The trials are still to come, so we still don’t know if a court will uphold these claims; however, even if the defendants are able to win the case, they already likely wished they had never relied on a software design that shares competitors’ non-public data. The way that these algorithms use private information can be compared to a “guy named Bob.” As Maureen Ohlhausen, former Chairperson of the Federal Trade Commission, explained: “Is it ok for a guy named Bob to collect confidential price strategy information from all the participants in a market, and then tell everybody how they should price? If it isn’t ok for a guy named Bob to do it, then it probably isn’t ok for an algorithm to do it either.”
Besides the threat of litigations, revenue-only optimization might not even be the best approach to pricing rental units. Optimizing for revenue only means focusing on price in a vacuum, not factoring in the other components that are really a function of price—costs, for example. A higher-priced unit might generate more revenue, but if it causes the unit to sit vacant for longer or makes it harder to retain tenants, it could actually be detrimental to the bottom line.
This scenario might actually occur when two Class A apartments are competing for the same tenant. Suppose one building provides luxury amenities like concierge services. In that case, it may gain market share over its competitor simply because the cost of those amenities is not reflected in the algorithm’s price. Despite what the algorithm says, it would be wise for the building with the extra cost of the amenities to charge more to retain its margins and for the building without the extra services to charge less to be competitive.
A higher-priced unit might generate more revenue, but if it causes the unit to sit vacant for longer or makes it harder to retain tenants, it could actually be detrimental to the bottom line. This is where revenue-only pricing might actually be a significant factor in the reason the turnover ratio in apartments is so high. It could be that if a building was priced competitively, inclusive of operating costs, profits could have increased because not only does it outperform its competition on operations but also on pricing and turnover.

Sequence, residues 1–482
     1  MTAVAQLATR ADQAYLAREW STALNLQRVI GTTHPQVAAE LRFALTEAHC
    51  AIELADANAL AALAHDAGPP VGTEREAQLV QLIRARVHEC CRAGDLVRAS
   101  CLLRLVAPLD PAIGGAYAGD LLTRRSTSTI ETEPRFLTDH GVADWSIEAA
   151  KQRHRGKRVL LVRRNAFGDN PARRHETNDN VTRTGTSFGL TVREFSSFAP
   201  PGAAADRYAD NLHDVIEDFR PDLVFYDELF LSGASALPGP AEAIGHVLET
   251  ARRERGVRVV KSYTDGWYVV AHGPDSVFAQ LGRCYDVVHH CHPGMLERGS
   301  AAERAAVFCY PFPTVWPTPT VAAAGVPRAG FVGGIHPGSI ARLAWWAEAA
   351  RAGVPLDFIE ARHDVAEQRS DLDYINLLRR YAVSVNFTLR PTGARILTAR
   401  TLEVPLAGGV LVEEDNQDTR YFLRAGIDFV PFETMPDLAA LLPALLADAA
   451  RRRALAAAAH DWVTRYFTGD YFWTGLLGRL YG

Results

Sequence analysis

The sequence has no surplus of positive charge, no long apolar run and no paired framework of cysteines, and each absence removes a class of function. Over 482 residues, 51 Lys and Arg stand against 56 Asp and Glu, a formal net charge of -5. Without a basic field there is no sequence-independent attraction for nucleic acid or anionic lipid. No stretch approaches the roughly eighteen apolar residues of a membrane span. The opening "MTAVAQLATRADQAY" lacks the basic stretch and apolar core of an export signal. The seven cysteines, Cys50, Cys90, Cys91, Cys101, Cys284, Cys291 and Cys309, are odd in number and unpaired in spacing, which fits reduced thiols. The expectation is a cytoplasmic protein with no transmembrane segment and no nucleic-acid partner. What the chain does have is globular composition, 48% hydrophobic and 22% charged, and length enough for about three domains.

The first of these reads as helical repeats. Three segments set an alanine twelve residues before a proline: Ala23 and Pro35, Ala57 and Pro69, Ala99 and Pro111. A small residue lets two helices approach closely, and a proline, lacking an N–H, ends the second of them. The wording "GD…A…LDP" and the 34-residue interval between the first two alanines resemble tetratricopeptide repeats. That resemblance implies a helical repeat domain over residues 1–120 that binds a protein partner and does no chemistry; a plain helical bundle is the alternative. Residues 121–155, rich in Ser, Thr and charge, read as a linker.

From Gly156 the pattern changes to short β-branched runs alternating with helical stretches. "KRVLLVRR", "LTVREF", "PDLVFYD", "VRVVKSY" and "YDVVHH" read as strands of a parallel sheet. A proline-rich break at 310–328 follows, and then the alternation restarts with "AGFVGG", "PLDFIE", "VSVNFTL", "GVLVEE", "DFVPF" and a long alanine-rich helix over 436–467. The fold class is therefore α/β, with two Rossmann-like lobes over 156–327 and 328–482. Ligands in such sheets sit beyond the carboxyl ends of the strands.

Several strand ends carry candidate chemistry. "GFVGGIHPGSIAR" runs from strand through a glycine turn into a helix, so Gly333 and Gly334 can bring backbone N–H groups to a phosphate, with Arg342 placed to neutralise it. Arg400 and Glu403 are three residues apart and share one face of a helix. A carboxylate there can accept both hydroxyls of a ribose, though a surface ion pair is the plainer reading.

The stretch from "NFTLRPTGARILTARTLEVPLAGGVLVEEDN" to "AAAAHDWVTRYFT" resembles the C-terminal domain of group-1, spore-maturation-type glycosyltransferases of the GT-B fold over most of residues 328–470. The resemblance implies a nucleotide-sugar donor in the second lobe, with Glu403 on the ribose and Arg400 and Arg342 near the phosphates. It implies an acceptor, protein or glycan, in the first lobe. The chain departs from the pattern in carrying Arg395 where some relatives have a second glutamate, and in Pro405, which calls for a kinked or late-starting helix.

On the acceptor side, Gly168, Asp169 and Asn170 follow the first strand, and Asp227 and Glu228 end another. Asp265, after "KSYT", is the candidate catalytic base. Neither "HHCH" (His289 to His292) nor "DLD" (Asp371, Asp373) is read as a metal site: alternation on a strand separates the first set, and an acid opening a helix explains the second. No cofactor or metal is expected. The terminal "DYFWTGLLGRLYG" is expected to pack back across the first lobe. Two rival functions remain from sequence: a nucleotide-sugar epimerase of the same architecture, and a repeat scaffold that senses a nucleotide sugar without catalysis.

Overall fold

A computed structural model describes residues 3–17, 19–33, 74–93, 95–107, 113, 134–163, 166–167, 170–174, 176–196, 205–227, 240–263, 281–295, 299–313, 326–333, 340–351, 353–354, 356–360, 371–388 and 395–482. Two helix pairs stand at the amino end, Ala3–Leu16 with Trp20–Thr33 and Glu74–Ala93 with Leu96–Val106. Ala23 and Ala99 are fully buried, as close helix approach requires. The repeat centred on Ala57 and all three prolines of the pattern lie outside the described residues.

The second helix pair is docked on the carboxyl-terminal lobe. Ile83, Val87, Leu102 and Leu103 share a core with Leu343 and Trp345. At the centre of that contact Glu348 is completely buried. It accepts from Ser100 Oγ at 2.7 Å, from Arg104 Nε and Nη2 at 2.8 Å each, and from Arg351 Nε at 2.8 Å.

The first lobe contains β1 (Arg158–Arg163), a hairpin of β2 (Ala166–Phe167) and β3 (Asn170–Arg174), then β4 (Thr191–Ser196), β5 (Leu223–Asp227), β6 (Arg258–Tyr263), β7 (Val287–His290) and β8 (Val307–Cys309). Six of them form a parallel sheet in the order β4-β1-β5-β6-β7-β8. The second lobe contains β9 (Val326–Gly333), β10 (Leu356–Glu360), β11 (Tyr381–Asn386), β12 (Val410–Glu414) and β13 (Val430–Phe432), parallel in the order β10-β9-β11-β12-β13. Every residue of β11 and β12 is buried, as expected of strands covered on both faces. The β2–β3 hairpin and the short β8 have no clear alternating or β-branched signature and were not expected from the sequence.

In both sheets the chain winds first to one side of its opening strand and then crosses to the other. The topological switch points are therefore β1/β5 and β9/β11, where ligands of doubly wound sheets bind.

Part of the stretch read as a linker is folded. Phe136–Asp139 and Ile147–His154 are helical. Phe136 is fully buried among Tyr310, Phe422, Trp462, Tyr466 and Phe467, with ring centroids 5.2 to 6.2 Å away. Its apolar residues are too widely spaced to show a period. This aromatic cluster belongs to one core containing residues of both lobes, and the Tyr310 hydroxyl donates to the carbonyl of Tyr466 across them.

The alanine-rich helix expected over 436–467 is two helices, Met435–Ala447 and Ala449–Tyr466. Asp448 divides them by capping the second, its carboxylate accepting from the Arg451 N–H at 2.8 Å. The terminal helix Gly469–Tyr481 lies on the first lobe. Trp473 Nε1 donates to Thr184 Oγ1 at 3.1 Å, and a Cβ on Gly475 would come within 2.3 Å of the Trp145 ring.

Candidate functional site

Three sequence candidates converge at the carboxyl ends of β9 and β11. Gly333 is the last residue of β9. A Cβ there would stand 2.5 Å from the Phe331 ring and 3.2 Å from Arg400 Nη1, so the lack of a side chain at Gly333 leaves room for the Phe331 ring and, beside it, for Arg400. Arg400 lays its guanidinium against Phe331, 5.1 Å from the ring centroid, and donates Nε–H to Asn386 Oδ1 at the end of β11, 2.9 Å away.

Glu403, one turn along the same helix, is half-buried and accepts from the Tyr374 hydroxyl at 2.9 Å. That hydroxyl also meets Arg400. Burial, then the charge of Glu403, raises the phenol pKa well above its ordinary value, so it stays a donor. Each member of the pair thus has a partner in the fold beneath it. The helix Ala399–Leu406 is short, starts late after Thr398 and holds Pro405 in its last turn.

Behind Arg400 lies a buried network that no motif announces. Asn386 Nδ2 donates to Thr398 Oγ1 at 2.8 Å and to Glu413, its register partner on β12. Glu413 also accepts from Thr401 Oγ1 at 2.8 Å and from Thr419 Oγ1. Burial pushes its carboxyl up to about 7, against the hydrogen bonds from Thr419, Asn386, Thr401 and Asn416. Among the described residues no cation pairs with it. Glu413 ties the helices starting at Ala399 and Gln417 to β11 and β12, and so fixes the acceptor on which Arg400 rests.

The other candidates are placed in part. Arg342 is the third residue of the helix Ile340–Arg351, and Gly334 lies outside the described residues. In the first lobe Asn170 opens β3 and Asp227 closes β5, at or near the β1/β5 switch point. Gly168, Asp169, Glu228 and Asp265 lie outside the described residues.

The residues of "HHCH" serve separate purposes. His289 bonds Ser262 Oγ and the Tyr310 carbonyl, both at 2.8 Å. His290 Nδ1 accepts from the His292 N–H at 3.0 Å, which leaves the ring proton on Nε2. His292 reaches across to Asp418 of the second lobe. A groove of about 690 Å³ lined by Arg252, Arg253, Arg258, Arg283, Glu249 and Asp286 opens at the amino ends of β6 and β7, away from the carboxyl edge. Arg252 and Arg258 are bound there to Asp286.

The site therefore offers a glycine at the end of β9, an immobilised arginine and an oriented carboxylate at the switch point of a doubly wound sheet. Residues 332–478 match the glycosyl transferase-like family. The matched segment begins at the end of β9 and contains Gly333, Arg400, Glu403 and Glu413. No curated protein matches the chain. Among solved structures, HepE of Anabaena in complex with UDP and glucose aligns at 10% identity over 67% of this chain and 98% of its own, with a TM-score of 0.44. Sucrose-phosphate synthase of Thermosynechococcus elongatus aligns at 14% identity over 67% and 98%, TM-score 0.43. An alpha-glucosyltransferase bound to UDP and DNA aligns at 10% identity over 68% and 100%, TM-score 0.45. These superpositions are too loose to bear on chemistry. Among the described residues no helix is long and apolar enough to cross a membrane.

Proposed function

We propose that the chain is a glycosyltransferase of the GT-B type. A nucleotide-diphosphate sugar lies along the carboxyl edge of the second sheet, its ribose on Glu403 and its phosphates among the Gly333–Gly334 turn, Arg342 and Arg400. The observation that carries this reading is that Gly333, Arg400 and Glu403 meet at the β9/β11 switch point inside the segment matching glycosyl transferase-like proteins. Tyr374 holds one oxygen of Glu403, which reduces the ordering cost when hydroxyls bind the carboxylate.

This brings up an interesting and more robust approach that has already been researched by academics for the pricing models of hotel profit management. In a study titled “Total Hotel Revenue Management: A Strategic Profit Perspective,” published by a research team at Cornell University, firms are expanding away from traditional revenue management to focus on customer value and strategic profit management. Researchers interviewed industry leaders and solution providers and found “the importance of profit, rather than just revenue, given rising distribution and variable costs.”
“You have to take into consideration all of the components that build to higher rents to find rental prices where marginal revenue equals marginal costs,” said John Cona, founder of profit management software F9Analytics. “Higher prices can boost revenue to a point, but if you have to provide extra services to get that higher rent and you don’t account for it, it may end up being a less profitable decision in the long run.”